Tuesday, November 26, 2013

Barriers? What Barriers?

In supporting clients with their career development, often times the focus is helping individuals overcome barriers such as language, education level, or age.  However, classifying certain things as “barriers” as can be short sighted.  Often the very things that we view as disadvantages can be advantages.

At the moment I’m only a few chapters into Malcolm Gladwell’s new book, David and Goliath: Underdogs, Misfits, and the Art of Battling Giants, where he examines the stories of classic “underdogs” highlighting the role that the perceived “barrier” played in the success of the individual.  Typically the individual finds a way to change the game in some way; to play by his/her own rules where the disadvantages are actually a source of strength. 

Malcolm notes that often individuals with barriers strive relentlessly to become a small fish in a big pond.  Although this would typically signify success, all too often, you can’t get noticed with so many high achievers around you.  Instead, Malcolm notes that the underdog becomes successful by becoming a big fish in a little pond. This can take some “out of the box” thinking.

How can we help job seekers embrace their barriers? A starting place would be to reframe negatives as positives and provide supports that help clients build on these advantages. For example, language might be a barrier, but being fluent in another language can be beneficial in many different communities where clients or customers may also have language barriers.

Use the comment section to let us know how else you can reframe negatives.

Interested in learning more about Malcolm Gladwell or his book? Check out his recent TED Talk at http://www.ted.com/talks/malcolm_gladwell_the_unheard_story_of_david_and_goliath.html.

Sunday, November 3, 2013

Even More Challenges for Internationally Trained Professionals

Earlier this year our team had the opportunity to meet several internationally trained professionals (ITPs), from a wide range of countries and representing a number of different professional occupations. All of these individuals had made the decision to immigrate to Canada and were committed to staying here, putting down roots, and raising their families. All, however, were frustrated by the many challenges in establishing their pre-immigration careers. These included challenges with regulatory bodies and professional associations, lack of recognition of previous experience and education, language barriers, and adjusting to Canadian workplace practices.

Many of the ITPs find themselves working in “survival jobs” and feeling quite underutilized . . . doctors washing dishes, engineers working as janitors, bankers/accountants driving cabs. Reitz (2011)[1] called this the “taxi driver syndrome,” estimating that this underutilization of immigrants is costing the Canadian economy $3 billion every year. We attract the world’s best and brightest, then leave them to navigate our complex system with little to no assistance – Lamontage (2003)[2] called this seduction and abandonment.

Despite the numerous challenges, all of these professionals had good things to say about the services they received from various community-based agencies. They’d had settlement assistance, been referred to language classes, taken workshops in Canadian workplace culture, and had support in developing their resumes, cover letters, and interview skills. They were very thankful for the assistance offered, most stating that the Career Development Practitioners (CDPs) who assisted them were very nice and helpful. However, these professionals also raised some issues that were somewhat concerning to us, especially given our role as educators.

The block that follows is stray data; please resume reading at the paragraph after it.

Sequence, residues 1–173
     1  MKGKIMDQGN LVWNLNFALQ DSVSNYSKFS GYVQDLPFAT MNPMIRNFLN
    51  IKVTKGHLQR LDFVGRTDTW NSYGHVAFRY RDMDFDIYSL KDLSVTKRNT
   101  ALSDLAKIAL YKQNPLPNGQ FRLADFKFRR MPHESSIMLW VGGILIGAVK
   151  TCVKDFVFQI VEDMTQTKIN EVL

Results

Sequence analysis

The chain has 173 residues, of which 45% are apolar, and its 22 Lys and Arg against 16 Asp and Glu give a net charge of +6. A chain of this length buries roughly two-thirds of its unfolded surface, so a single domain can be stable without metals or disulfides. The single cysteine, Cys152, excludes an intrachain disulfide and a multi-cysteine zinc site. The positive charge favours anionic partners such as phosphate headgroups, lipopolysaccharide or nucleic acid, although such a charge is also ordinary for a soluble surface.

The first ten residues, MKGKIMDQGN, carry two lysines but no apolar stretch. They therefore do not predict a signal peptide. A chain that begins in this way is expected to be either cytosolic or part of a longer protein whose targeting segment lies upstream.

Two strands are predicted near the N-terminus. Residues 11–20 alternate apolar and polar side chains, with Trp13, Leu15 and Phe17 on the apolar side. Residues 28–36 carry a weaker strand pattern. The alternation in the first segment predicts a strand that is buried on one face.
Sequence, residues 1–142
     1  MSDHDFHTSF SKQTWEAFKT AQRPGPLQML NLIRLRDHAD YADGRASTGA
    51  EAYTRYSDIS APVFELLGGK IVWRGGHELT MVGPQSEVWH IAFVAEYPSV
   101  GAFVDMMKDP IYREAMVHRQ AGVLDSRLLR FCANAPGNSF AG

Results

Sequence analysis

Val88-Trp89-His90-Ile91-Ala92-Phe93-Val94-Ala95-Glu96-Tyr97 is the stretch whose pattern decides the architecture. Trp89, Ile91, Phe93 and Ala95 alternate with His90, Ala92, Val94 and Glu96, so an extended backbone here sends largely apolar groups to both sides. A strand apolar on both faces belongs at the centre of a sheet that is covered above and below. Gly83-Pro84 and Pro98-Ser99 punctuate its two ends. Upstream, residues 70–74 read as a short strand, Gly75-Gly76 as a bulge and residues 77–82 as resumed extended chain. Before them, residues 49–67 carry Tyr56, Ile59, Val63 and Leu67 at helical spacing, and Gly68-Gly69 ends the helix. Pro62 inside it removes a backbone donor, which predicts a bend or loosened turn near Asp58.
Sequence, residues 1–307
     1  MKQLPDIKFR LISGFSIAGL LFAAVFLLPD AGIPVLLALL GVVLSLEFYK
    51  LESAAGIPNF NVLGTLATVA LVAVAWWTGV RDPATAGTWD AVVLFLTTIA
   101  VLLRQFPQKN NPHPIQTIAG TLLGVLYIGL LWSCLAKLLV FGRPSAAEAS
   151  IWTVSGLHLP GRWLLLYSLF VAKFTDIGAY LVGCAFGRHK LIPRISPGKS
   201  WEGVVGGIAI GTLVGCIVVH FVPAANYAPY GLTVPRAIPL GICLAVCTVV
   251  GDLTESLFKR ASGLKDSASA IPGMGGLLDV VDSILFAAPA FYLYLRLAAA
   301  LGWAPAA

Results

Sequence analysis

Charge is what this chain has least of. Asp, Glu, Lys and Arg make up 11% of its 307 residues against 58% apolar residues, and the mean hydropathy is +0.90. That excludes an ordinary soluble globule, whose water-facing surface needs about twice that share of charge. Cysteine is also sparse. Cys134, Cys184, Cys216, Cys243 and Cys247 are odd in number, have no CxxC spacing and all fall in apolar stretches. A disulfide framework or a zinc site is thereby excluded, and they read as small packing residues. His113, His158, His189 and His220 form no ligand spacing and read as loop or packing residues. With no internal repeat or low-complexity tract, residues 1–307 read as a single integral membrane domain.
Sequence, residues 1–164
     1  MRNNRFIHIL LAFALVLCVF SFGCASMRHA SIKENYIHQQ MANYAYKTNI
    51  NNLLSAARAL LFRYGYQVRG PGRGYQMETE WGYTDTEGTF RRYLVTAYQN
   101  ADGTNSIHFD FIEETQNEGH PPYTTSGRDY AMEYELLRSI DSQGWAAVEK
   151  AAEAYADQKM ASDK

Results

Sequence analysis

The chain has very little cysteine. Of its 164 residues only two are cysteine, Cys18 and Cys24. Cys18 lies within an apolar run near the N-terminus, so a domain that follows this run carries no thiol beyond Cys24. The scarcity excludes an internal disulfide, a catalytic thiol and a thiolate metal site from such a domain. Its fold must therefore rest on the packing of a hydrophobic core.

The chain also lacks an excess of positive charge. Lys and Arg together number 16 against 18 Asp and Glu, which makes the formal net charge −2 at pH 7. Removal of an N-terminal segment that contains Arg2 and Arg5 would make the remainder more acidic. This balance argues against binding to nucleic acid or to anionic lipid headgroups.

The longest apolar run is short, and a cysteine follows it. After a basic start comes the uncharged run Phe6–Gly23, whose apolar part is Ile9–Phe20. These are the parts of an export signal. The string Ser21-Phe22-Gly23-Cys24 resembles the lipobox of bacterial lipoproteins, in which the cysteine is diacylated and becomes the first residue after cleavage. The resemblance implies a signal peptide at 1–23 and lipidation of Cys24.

These issues focused on two key elements.  First, it was felt that CDPs did not truly understand the complexities of the foreign credential recognition process, resulting in an inability to help ITPs navigate these systems or connect them with professionals who could offer assistance. Secondly, CDPs seemed to make rather bizarre recommendations around what work these highly skilled professionals should or could do – an economist, with a PhD, told to apply as a customer service rep in a bank; a structural engineer was told she should take a course in MS-Office, despite her having superior skills using the entire MS-Office suite.

ITPs face unique challenges and consequently need specialized solutions. We recommend CDPs develop their understanding of the foreign credential recognition process, foster strategic relationships with professional associations and certifying bodies, and learn from the successes of ITPs who’ve navigated to successful employment in their pre-landing sector. Further, CDPs should pause to explore the unique skills and qualifications ITPs bring; rather than assuming an engineer would need MS-Office training, discuss the advantages of participating in a Canadian education program and explore, with your client, what might “fit” best.

[1] Reitz, J. G. (2011). Taxi driver syndrome: Behind-the-scenes immigration changes are creating new problems on top of old ones. Retrieved from http://reviewcanada.ca/essays/2011/02/01/taxi-driver-syndrome/
[2] Lamontagne, F. (2003). Workers educated abroad: Seduction and abandonment. Food for Thought, 10. Retrieved from http://www.crccanada.org/crc/files/Communication_Strategy_No.10_Lamontagne718_2.pdf